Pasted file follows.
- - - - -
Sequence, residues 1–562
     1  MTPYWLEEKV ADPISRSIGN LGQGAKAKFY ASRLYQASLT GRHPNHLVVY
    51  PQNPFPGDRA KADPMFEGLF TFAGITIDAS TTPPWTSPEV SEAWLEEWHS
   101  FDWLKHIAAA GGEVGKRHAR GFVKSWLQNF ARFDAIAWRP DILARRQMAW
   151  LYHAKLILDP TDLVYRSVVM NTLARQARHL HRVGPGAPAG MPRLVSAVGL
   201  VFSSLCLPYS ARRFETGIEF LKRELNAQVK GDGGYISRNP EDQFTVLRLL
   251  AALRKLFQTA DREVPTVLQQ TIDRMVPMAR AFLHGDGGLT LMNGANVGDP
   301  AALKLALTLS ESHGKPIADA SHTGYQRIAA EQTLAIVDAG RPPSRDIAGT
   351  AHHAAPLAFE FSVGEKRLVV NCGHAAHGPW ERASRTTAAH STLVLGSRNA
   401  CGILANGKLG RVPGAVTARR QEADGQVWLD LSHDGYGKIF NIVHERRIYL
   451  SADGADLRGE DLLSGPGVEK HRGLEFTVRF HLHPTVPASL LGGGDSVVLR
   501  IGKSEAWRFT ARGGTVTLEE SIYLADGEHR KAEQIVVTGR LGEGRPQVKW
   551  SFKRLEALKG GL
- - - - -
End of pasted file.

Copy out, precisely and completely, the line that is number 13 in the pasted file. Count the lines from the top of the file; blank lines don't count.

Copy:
   551  SFKRLEALKG GL